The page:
A nucleotide sequence encoding a subject CAR can be present in an expression vector and/or a cloning vector. Where a subject CAR comprises two separate polypeptides, nucleotide sequences encoding the two polypeptides can be cloned in the same or separate vectors. An expression vector can include a selectable marker, an origin of replication, and other features that provide for replication and/or maintenance of the vector. Suitable expression vectors include, e.g., plasmids, viral vectors, and the like.

Large numbers of suitable vectors and promoters are known to those of skill in the art; many are commercially available for generating a subject recombinant constructs. The following vectors are provided by way of example. Bacterial: pBs, phagescript, PsiX174, pBluescript SK, pBs KS, pNH8a, pNH16a, pNH18a, pNH46a (Stratagene, La Jolla, Calif., USA); pTrc99A, pKK223-3, pKK233-3, pDR540, and pRIT5 (Pharmacia, Uppsala, Sweden). Eukaryotic: pWLneo, pSV2cat, pOG44, PXR1, pSG (Stratagene) pSVK3, pBPV, pMSG and pSVL (Pharmacia).

Expression vectors generally have convenient restriction sites located near the promoter sequence to provide for the insertion of nucleic acid sequences encoding heterologous proteins. A selectable marker operative in the expression host may be present. Suitable expression vectors include, but are not limited to, viral vectors (e.g. viral vectors based on vaccinia virus; poliovirus; adenovirus (see, e.g., Li et al., Invest Opthalmol Vis Sci 35:2543 2549, 1994; Borras et al., Gene Ther 6:515 524, 1999; Li and Davidson, PNAS 92:7700 7704, 1995; Sakamoto et al., H Gene Ther 5:1088 1097, 1999; WO 94/12649, WO 93/03769; WO 93/19191; WO 94/28938; WO 95/11984 and WO 95/00655); adeno-associated virus (see, e.g., Ali et al., Hum Gene Ther 9:81 86, 1998, Flannery et al., PNAS 94:6916 6921, 1997; Bennett et al., Invest Opthalmol Vis Sci 38:2857 2863, 1997; Jomary et al., Gene Ther 4:683 690, 1997, Rolling et al., Hum Gene Ther 10:641 648, 1999; Ali et al., Hum Mol Genet 5:591 594, 1996; Srivastava in WO 93/09239, Samulski et al., J. Vir. (1989) 63:3822-3828; Mendelson et al., Virol. (1988) 166:154-165; and Flotte et al., PNAS (1993) 90:10613-10617); SV40; herpes simplex virus; human immunodeficiency virus (see, e.g., Miyoshi et al., PNAS 94:10319 23, 1997; Takahashi et al., J Virol 73:7812 7816, 1999); a retroviral vector (e.g., Murine Leukemia Virus, spleen necrosis virus, and vectors derived from retroviruses such as Rous Sarcoma Virus, Harvey Sarcoma Virus, avian leukosis virus, human immunodeficiency virus, myeloproliferative sarcoma virus, and mammary tumor virus); and the like.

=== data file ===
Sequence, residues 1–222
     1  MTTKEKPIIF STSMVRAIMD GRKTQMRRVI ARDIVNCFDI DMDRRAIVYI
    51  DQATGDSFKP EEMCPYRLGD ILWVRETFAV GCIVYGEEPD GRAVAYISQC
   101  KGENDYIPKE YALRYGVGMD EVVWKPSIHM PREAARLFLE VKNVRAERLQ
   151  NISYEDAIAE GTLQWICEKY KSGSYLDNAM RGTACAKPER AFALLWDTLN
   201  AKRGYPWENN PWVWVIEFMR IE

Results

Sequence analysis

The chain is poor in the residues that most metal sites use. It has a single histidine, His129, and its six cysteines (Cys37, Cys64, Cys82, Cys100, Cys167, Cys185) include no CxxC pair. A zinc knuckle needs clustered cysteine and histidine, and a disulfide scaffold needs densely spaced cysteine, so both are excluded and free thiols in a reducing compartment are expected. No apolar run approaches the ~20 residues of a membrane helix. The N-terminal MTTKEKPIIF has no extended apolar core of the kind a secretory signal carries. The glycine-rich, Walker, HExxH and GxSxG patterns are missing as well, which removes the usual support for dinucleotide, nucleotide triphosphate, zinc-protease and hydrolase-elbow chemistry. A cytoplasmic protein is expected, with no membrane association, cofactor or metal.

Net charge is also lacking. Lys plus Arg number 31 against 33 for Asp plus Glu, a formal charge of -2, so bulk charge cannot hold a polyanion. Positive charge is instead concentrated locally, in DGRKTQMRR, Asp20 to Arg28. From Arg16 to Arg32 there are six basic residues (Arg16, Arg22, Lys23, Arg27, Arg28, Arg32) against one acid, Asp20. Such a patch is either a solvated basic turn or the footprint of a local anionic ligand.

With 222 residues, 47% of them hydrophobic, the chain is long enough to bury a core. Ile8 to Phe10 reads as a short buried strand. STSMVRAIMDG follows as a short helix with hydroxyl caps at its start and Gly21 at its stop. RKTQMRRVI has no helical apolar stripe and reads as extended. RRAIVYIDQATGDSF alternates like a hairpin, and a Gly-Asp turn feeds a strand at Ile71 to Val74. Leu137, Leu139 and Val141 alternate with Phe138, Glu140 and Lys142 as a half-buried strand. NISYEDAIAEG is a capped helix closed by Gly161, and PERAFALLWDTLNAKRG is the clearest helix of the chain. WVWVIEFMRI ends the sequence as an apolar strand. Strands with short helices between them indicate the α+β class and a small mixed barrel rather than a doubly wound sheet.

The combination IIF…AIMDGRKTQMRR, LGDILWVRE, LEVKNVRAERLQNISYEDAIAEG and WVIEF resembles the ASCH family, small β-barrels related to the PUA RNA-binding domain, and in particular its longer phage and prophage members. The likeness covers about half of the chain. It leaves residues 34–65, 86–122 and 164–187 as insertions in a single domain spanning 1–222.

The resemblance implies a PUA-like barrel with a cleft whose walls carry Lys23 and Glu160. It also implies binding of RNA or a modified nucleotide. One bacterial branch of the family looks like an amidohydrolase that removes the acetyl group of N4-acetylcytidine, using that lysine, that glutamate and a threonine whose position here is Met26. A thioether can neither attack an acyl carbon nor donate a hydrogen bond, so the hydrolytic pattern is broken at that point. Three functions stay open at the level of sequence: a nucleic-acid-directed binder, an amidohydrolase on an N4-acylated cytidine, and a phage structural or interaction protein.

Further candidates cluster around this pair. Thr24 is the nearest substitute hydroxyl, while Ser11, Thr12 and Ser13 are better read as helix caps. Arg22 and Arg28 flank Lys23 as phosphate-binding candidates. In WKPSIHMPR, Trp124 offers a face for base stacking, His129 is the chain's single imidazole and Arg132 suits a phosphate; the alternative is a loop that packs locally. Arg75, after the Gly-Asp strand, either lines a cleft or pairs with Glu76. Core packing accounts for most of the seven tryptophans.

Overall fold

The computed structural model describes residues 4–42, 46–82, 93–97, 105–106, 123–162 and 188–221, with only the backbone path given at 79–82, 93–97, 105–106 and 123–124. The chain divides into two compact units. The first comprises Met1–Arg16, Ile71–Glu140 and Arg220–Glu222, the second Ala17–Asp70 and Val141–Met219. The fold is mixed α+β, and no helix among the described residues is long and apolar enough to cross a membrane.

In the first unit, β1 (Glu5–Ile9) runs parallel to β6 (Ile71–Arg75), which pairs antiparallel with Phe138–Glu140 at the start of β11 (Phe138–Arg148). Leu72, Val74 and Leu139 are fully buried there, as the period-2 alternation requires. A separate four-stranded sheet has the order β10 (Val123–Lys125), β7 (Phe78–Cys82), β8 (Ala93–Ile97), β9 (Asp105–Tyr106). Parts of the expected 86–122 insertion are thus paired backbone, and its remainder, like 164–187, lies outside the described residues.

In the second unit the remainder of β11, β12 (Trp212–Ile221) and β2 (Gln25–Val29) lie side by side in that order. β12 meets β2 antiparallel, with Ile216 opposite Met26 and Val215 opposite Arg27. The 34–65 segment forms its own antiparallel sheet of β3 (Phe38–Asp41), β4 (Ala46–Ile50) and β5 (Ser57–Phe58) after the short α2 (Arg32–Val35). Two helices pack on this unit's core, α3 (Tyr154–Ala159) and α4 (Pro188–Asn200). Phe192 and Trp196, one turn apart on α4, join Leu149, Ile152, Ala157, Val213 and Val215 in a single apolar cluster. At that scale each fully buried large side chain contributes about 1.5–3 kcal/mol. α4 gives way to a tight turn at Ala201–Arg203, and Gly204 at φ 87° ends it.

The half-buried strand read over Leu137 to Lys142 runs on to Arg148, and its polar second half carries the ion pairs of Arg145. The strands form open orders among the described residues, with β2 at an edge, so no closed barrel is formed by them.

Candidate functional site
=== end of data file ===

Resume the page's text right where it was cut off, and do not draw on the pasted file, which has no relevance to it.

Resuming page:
As noted above, in some embodiments, a nucleic acid comprising a nucleotide sequence encoding the first and/or the second polypeptide of a heterodimeric, conditionally active CAR of the present disclosure will in some embodiments be RNA, e.g., in vitro synthesized RNA. Methods for in vitro synthesis of RNA are known in the art; any known method can be used to synthesize RNA comprising a nucleotide sequence encoding the first and/or the second polypeptide of a heterodimeric, conditionally active CAR of the present disclosure. Methods for introducing RNA into a host cell are known in the art. See, e.g., Zhao et al. (2010) Cancer Res. 15:9053. Introducing RNA comprising a nucleotide sequence encoding the first and/or the second polypeptide of a heterodimeric, conditionally active CAR of the present disclosure into a host cell can be carried out in vitro or ex vivo or in vivo. For example, a host cell (e.g., an NK cell, a cytotoxic T lymphocyte, etc.) can be electroporated in vitro or ex vivo with RNA comprising a nucleotide sequence encoding the first and/or the second polypeptide of a heterodimeric, conditionally active CAR of the present disclosure.